Bishops should direct that all Christmas Masses be online, says priest
‘The best and safest option’ to avoid overcrowding and turning people away
File photo. Photograph: Getty
A Dublin parish priest has appealed to the Catholic bishops to advise that all Masses in Ireland at Christmas take place online. “The best and safest solution is for Christmas Eve and Christmas Day Masses to be online only, with churches open after for people, families ,” Fr Adrian Egan said.
Parish priest at Our Lady of the Assumption parish in Ballyfermot, he said “I know these things can be decided locally, but it would be better coming from the bishops.”
It was usually the case at Christmas Masses that “you’d have people hanging out of the rafters”. This year he would “be anxious” about such overcrowding “and turning people away”, he said. It was also the case that his two other priest colleagues in the parish were well over 70.
About 35 people “of an age” attended the 10am Mass there on Tuesday.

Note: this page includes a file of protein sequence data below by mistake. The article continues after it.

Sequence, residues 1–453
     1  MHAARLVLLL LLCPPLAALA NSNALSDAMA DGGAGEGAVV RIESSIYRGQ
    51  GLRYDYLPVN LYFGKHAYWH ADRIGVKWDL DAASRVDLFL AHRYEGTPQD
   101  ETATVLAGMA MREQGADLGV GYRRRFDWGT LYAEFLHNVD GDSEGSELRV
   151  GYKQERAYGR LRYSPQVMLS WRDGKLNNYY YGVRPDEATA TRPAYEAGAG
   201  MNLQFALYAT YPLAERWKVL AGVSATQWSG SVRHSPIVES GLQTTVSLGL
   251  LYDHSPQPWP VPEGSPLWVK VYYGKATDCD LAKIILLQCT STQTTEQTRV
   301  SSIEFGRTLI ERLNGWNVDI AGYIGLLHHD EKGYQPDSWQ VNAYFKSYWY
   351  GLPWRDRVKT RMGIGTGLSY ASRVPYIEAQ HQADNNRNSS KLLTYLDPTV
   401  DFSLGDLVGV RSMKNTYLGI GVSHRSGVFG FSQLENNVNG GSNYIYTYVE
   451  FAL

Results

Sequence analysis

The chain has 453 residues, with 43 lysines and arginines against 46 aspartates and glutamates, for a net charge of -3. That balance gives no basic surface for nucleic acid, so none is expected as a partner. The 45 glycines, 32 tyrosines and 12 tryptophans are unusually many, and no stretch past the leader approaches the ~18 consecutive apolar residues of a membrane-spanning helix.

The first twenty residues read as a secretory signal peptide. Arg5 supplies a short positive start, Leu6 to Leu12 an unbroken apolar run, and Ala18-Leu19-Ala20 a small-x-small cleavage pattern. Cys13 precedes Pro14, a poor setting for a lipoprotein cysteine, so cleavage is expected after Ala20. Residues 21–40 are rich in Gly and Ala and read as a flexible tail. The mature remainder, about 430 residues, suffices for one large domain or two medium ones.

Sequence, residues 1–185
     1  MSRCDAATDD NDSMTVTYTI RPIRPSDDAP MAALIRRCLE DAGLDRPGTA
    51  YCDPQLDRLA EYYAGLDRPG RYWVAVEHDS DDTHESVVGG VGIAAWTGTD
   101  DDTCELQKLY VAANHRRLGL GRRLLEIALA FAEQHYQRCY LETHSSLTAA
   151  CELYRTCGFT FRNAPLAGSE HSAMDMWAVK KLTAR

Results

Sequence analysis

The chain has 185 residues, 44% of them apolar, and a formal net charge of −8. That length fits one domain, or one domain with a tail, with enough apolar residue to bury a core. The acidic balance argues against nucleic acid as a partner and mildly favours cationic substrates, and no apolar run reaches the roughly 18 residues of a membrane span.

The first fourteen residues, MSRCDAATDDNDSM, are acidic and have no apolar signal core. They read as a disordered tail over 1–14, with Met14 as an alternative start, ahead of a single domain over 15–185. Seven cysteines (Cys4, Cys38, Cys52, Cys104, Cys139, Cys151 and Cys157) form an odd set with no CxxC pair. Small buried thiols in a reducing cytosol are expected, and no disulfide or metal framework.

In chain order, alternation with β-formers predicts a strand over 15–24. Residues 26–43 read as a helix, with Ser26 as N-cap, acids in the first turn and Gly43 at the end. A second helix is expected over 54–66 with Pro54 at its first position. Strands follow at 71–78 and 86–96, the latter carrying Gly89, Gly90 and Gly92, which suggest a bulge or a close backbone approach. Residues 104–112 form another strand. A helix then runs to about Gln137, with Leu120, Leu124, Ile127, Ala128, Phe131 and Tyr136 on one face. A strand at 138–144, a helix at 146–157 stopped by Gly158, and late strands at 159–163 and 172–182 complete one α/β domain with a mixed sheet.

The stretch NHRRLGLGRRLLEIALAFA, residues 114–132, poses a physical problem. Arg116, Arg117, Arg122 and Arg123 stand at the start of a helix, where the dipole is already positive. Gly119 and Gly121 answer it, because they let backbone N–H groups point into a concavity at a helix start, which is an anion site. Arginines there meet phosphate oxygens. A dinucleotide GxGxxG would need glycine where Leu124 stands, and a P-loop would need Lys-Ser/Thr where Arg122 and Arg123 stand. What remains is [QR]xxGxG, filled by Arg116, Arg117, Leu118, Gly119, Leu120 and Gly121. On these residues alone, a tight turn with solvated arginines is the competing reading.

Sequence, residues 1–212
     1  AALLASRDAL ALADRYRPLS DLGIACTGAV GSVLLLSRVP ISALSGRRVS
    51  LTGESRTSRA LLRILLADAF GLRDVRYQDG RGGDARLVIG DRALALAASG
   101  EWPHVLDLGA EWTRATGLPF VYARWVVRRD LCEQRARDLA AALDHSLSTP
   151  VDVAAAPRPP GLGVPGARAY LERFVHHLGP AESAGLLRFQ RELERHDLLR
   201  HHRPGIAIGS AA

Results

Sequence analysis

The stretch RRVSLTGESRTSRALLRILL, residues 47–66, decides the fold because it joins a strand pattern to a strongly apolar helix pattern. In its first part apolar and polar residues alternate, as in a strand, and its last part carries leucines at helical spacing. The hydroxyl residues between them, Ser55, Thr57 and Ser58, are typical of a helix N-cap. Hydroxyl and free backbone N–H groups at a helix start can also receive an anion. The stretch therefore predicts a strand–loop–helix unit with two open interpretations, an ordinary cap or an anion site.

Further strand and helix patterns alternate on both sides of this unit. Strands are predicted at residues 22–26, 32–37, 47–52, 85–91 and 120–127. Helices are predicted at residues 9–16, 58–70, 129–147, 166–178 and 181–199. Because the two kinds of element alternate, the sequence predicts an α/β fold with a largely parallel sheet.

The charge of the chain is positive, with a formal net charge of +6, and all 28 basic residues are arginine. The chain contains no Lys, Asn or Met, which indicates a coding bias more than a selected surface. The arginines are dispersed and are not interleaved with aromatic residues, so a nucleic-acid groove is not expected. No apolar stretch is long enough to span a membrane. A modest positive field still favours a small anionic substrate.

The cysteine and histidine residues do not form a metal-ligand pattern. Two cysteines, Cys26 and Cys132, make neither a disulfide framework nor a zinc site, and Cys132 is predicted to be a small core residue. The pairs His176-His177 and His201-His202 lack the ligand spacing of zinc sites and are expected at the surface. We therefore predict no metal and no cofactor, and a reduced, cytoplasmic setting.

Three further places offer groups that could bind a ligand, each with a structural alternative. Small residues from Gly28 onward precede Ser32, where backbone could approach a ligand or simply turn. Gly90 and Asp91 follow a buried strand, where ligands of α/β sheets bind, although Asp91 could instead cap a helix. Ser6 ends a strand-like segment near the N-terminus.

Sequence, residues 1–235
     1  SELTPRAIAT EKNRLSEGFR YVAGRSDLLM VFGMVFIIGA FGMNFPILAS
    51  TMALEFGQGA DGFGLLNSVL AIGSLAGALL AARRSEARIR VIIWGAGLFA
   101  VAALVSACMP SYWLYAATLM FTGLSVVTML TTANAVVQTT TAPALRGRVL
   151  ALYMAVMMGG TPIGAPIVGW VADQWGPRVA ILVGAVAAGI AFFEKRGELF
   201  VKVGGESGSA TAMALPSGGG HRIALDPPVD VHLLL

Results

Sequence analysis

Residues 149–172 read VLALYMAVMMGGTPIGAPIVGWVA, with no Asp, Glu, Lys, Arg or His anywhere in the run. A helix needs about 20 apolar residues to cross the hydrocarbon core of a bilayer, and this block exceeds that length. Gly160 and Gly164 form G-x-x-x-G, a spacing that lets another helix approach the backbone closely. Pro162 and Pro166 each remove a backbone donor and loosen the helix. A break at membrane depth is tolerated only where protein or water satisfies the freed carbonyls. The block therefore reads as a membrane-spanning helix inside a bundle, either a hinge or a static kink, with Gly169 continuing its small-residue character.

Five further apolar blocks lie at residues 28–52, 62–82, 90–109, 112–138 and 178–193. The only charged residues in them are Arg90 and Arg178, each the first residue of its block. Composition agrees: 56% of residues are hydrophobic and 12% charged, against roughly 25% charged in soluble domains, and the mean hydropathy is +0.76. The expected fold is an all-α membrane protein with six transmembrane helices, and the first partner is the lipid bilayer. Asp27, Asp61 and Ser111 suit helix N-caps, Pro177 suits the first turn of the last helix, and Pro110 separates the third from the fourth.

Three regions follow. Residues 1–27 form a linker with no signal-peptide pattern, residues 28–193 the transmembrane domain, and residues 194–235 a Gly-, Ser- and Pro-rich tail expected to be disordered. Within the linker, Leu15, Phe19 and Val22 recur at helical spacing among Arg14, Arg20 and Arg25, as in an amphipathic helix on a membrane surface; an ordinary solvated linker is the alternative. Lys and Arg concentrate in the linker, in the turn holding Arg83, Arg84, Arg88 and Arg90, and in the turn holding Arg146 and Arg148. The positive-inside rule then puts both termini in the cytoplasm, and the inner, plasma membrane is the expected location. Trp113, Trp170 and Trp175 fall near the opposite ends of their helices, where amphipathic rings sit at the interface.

On Monday evening, the Association of Catholic Priests (ACP), of which Fr Egan is a member, tweeted it had received a “significant volume” of phone calls and messages from priests articulating anxiety and concern about the return to worship following the ending of Level 5 restrictions and the difficulties faced by parishes in mustering stewards and volunteers for churches and car parks at Christmas time.
In Co Limerick, Fr Roy Donovan, parish priest at Caherconlish and a member of the ACP leadership team, said he was finding it “quite difficult to get volunteers” to implement Covid-19 restrictions at their church, which has a capacity of between 400 and 500.
He too is worried about Christmas Masses and the matter is to be discussed at a parish pastoral council meeting on Thursday. It will decide whether to introduce a booking system for Christmas Masses, involving the issuing of tickets for allocated seats in advance.
“People could call and book, on a designated phone number,” he said.
The council may also decide to put on extra Masses. “We’ve stopped anniversary Masses on Sundays to avoid overcrowding,” he added.
When Masses resumed during the summer following the previous lockdown, “a lot of people didn’t come back. They were afraid. But as time went on the numbers began to increase again,” he noted.